Academic journal article Afterimage

Always Already: Affinities between Art and Film

Academic journal article Afterimage

Always Already: Affinities between Art and Film

Article excerpt

The exhibition "Art and Film Since 1945: Hall of Mirrors" claims to illustrate a moment of cultural progress beyond modernism toward a more enlightened era. The most telling essay, however, in the exhibition catalog - a catalog that does include other very good essays - is the least supportive of such an idea. Jonathan Crary's "Dr. Mabuse and Mr. Edison" concludes that "[o]ne of the most persistent features of modernity is the potent seductiveness of the phantasmagoria of progress, and among the ranks of the seduced are those who believe that modernity has somehow been exceeded."(1) The historical dating the show proposes is itself part of the "phantasmagoria," as Crary implies through his own references to cultural history. Though Crary discusses two of the artists included in the show - Jean-Luc Godard and David Cronenberg - and one of the works in the show - Cronenberg's Videodrome (1982) - he spends most of his time on films and artists from the 100-year period before this show's subject begins. Crary spends more time on Thomas Edison (1890s) and on Fritz Lang's Dr. Mabuse film series (1922, 1933, 1960) than he does on Godard or Cronenberg; and be discusses non-film artists such as Richard Wagner and Paul Cezanne without mentioning any non-film artist included in the show. One might consider Crary's contribution an appropriate historical prelude, but it is more accurately understood as a refutation of the show's main point and of its periodicity, a refutation I want to expand.

The introductory essay by the show's organizer, Kerry Brougher, poses 1945 as "a loose but convenient marker indicating that moment when the modern era slipped past the innocence of its utopian dreams, and when both the cinema and modern art entered states of crisis, decline and self-examination, a 'post-modern,"post-Hollywood' era that has seen the separations between high art and mass culture, art and kitsch, art and film, even further blurred."(2) I disagree with every major and minor point in this statement. 1945 is an arbitrary date; the modern era did not slip past anything of significance, nor were its pre-1945 dreams ever non-dialectically characterized as innocent or utopian except for very brief moments that ended long before 1945 or by handfuls of artists who were recognizably demented or quickly disabused of their utopianism. Neither cinema nor modern art, broadly understood, has entered any serious state of crisis or decline, while self-examination in both realms has been relatively constant from the beginning. There is as yet no countervening postmodernist and certainly no post-Hollywood era; heroically individualistic artists and pandering commercial values are still the paradigm in each of those realms, respectively. High art and mass culture, art and kitsch, and art and film are no more blurred than they ever were, which is not very - high art and mass culture define a spectrum, certainly, but are most often themselves easily distinguishable. Andy Warhol made high art out of soup can labels and pictures of Marilyn Monroe; the mass-cultural audience who loved Campbell's soup and Marilyn hated Warhol's art. To the extent that the mass-cultural audience has learned to love Warhol's art, it is no longer understandable as high art. From the elite-cultural perspective of what high art is - radically defamiliarizing, original, personal, socially and culturally incisive, spiritually redeeming - mass enculturation of Warhol has trivialized his work.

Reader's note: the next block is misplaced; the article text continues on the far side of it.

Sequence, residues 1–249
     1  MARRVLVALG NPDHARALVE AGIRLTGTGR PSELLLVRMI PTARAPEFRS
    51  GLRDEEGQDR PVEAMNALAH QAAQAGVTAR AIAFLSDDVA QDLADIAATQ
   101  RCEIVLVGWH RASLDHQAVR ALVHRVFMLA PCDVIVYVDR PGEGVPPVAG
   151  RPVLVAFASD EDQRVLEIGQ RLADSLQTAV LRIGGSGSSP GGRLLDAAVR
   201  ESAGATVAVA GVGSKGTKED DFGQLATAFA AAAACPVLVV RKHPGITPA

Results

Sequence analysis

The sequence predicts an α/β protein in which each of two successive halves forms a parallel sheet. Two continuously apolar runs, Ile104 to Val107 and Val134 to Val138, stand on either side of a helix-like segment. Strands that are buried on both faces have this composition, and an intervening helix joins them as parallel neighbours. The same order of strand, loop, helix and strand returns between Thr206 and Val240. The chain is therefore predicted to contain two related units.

Art and kitsch are perfectly distinguishable in the same way. And art and film have influenced each other from the inception of cinema; there's nothing new about that. (Definitional work on "art" is needed - Art and Film sometimes uses it to mean painting and sculpture, sometimes to mean something grim can be.) Cinema has, since the late 1910s, included works of high film art: The Cabinet of Dr. Caligari (1919, by Robert Wiene) and Light Play Opus I (1921, by Walter Ruttmann). Cinema has, since the 1910s, produced mass-cultural works that are also considered film art, but those works at that time such as The Birth of a Nation (1915, by D. …

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